SAN DIEGO – She was once a KGB operative, a Russian emigre who seduced an FBI agent into passing a secret document to the Soviet Union.
Now the woman who pleaded guilty to espionage against the United States in 1985 has gone over to the other side.
Court documents released this month show that Svetlana Ogorodnikova worked as an FBI informant — wearing a wire to tape conversations with a woman accused of having a San Diego private investigator kidnapped, tortured and murdered in Mexico.
Ogorodnikova, who served 11 years in prison on espionage charges, is expected to testify for the prosecution in a trial scheduled to start June 18.
“It is truly ironic,” said Rep. Adam Schiff, D-Pasadena, a former assistant U.S. attorney who prosecuted the FBI agent, Richard Miller, in one of three trials.
Miller, who was arrested in 1984, was the first FBI agent charged with espionage. The case attracted widespread attention and embarrassed the government.
The congressman wasn’t surprised to find Ogorodnikova working for the FBI.
“She wasn’t ideological,” Schiff said. “She always struck me as a disconnected person who really has no purpose other than her own survival.”
Ogorodnikova’s lawyer says her client hasn’t been promised anything for her testimony. In fact, she spent four months in jail in the past two years because her meetings with the FBI violated her parole when they were not reported to her parole officer, said attorney Stanley Greenberg.
The San Diego case has nothing to do with espionage.
Kimberly Bailey of Fallbrook is accused of having Richard Post kidnapped, tortured over five days in Tijuana, and then murdered because she believed he cheated on her with other women and stole money from her business.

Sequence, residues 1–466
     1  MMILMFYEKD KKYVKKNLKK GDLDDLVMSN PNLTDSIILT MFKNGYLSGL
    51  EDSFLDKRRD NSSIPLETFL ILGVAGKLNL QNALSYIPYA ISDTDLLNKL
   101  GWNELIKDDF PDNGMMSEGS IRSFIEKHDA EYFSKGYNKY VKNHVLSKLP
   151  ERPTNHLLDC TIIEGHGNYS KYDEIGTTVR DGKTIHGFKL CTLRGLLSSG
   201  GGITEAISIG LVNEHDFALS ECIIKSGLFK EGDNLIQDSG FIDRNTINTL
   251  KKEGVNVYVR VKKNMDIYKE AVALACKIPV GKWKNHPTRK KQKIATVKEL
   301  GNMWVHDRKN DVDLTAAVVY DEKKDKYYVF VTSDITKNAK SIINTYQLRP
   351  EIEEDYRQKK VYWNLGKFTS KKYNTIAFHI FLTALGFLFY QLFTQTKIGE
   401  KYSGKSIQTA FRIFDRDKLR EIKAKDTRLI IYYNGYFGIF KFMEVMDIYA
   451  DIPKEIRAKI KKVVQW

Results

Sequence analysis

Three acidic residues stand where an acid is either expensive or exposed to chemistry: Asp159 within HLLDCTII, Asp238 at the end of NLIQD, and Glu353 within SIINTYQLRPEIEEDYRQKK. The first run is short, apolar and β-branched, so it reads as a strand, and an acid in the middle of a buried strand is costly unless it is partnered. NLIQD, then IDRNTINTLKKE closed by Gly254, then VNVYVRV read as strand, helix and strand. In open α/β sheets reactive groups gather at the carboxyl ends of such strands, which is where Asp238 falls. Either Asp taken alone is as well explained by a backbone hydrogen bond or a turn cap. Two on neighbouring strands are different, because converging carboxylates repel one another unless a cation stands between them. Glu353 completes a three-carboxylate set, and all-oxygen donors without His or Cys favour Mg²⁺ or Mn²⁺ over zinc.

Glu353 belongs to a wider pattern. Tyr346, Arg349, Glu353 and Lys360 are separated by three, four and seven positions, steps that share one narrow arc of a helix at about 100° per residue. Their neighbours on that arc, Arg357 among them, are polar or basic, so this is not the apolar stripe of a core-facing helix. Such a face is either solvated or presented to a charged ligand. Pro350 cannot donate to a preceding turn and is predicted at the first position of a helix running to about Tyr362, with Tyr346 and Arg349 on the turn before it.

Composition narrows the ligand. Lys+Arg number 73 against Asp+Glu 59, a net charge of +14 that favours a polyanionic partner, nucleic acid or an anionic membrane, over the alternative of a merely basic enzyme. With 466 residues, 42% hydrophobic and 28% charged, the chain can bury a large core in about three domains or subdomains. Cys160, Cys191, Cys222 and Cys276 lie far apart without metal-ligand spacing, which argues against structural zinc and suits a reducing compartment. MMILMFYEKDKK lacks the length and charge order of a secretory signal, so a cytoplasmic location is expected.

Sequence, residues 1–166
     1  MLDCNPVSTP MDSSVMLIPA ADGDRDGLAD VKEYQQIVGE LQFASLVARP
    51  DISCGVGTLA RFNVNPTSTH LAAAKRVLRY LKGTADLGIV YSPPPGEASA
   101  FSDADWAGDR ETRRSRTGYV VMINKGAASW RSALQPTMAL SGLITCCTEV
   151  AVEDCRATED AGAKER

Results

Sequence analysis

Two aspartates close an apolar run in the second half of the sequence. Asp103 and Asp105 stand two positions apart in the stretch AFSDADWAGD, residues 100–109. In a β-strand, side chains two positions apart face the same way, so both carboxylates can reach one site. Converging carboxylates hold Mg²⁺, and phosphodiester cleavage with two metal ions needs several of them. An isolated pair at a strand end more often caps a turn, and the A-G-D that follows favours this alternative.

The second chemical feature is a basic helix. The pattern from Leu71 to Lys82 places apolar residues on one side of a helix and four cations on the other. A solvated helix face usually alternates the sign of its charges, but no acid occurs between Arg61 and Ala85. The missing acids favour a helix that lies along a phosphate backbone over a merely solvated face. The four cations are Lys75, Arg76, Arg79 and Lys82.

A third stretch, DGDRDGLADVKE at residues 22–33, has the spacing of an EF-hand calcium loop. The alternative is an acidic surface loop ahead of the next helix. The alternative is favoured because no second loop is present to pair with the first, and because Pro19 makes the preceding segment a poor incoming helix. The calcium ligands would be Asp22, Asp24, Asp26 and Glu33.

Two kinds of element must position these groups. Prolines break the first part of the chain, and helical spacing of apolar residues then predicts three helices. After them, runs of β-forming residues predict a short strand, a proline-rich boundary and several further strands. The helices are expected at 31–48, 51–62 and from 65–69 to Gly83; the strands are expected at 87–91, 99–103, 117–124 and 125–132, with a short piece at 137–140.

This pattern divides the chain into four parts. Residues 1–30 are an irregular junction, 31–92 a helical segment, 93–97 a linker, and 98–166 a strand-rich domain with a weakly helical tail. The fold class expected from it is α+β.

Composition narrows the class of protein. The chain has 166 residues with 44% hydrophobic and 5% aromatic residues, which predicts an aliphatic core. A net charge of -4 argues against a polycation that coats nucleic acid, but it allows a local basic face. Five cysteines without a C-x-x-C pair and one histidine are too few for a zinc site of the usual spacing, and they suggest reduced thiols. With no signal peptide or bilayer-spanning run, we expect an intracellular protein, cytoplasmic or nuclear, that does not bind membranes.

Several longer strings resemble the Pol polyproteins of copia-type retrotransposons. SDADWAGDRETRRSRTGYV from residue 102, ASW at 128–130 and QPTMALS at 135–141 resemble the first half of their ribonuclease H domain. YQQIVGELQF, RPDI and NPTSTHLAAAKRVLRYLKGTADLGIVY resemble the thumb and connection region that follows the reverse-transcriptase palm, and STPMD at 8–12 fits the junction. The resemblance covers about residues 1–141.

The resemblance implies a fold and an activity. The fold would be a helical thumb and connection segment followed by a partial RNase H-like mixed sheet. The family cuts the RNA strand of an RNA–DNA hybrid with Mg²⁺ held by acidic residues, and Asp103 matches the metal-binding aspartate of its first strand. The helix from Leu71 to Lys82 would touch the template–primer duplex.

Bailey has pleaded innocent to conspiracy to murder a person in a foreign country and other charges. Through her lawyer, she has insisted that Post is alive and in hiding.
Ogorodnikova, who was released from prison in 1995, is a key witness in the case. Federal prosecutors in San Diego said the Russian was friends with Bailey and covertly taped conversations in which the defendant allegedly admitted having Post killed.
Bailey’s lawyer, Richard DeMassa, claims the FBI asked Ogorodnikova to befriend his client. Federal prosecutor Barbara Major declined to discuss the meeting of the two women in detail.
Ogorodnikova emigrated to the United States in the 1970s and settled in the Los Angeles area.
She has spent years fighting a deportation order, but the final resolution was unclear. Federal prosecutors and her lawyer said they did not know her legal status. Karen Kraushaar, a spokeswoman for the Immigration and Naturalization Service, declined to comment.
Ogorodnikova admitted having an affair with Miller to obtain classified documents for KGB agents based at the Soviet consulate in San Francisco. Miller, an overweight agent with a history of disciplinary problems, claimed he was doing a reverse sting operation.
The first trial of the FBI agent ended in a mistrial when the jury deadlocked. He was convicted of espionage at a second trial, but the verdict was overturned on appeal. In 1994, he was convicted again. He was released from prison after serving two-thirds of a 13-year sentence.
Despite her earlier confession, Ogorodnikova, in the second and third trials, claimed Miller was innocent and had only recruited her to help catch Soviet spies in the United States.
While the details are unclear, Ogorodnikova met Bailey in the summer of 1999, according to the court documents. At the time, the FBI was investigating the disappearance of Post, whose body has never been found.